Michael: Yeah I’ll give you a different challenge ’cause life’s full of those. When I joined Hashi Corp let’s see, I joined December of 2022, so December last year. So I’m almost at my one year anniversary actually. About a month and a half in, I would say, so sometime in January all these alarms started going off. It was not my fault. I had just started. That’s okay. I don’t mind if it is. But it was not alarms are going off all these, you know, 3:00 AM things blown up. And so the issue was a big portion of our System relies on a workflow. It, it’s basically, it’s a workflow engine that, that a lot of our use cases require to be operating effectively.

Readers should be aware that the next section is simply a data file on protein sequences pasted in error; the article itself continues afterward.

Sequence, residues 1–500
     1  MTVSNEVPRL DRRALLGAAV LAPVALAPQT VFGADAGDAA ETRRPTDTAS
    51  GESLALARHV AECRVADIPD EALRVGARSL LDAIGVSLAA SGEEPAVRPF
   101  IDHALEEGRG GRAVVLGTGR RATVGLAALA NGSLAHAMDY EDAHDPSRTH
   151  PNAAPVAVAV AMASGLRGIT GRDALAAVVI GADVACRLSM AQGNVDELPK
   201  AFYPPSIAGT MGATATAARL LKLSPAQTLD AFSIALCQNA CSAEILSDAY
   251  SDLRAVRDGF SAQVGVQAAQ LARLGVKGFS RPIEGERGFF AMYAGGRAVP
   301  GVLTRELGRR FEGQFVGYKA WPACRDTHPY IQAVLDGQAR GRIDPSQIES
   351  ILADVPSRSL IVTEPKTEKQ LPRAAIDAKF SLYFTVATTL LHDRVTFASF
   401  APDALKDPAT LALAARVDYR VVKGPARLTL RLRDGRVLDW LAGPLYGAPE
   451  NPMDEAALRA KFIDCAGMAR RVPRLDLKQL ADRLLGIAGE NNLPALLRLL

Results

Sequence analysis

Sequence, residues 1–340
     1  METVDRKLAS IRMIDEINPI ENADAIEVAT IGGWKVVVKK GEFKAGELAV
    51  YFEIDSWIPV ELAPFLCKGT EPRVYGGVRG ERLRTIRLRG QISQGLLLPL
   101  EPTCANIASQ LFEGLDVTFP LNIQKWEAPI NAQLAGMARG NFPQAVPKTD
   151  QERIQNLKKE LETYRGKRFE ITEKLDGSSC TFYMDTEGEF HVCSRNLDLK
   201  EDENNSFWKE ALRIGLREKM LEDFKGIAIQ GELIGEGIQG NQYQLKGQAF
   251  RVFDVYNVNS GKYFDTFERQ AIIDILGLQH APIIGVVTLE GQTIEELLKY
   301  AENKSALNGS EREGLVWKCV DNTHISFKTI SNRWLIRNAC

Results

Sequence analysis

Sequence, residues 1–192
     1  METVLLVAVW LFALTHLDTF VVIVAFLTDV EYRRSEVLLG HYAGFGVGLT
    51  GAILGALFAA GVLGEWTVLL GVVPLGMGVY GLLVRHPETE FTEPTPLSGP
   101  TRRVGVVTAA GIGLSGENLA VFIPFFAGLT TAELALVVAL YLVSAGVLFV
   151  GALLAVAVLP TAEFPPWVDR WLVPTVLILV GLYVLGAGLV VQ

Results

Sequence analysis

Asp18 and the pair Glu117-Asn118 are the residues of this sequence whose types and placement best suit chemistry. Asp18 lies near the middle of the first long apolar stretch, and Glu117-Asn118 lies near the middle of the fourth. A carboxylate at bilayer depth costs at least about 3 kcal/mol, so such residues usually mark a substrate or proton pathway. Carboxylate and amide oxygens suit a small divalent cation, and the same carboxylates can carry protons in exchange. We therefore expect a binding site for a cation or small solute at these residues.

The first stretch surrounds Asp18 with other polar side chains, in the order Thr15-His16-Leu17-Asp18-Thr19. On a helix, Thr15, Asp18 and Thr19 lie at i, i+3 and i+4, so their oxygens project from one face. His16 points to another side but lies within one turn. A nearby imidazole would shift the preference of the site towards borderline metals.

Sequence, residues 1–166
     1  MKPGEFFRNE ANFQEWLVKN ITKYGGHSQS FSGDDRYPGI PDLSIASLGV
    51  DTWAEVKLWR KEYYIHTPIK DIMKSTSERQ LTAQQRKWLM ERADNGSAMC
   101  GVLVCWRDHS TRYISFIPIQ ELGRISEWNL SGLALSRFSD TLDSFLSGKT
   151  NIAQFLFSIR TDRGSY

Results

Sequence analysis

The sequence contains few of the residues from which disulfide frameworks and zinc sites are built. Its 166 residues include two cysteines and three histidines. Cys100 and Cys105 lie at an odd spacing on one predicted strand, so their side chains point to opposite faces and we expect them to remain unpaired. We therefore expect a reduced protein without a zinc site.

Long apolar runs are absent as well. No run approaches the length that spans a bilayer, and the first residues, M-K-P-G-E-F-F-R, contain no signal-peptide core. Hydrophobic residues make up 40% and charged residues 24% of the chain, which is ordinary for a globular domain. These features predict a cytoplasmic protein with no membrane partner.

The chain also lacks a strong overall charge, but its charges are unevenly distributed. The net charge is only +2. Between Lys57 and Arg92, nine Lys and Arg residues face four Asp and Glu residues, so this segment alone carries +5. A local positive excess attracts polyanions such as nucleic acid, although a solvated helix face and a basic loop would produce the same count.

It’s a, it’s a, the engine’s cadence, it’s used, it’s pioneered by Uber. And temporal is, is maybe a more well known modern name is a, is a Next iteration of that workflow engine. Anyway, [00:14:00] so this thing started to blow up, and the reason it started to blow up was that it was backed by a, a single, very hard, a large database instance. And that database instance was struggling to, to keep up with. An unanticipated load. And this was not necessarily a new issue. In fact, cadence had rather this, this, nothing to say about the cadence Service is perfectly fine workflow engine, but the design was just not well des it was not well designed to be very scalable. And so as a result over the last several years, people had kind of wanted to avoid This system ’cause it was known to be problematic and it had burned people out trying to support it. So, but it had finally tipped over and, and by tipped over, I meant it actually stopped keeping up with the abil, all of the workflows coming in.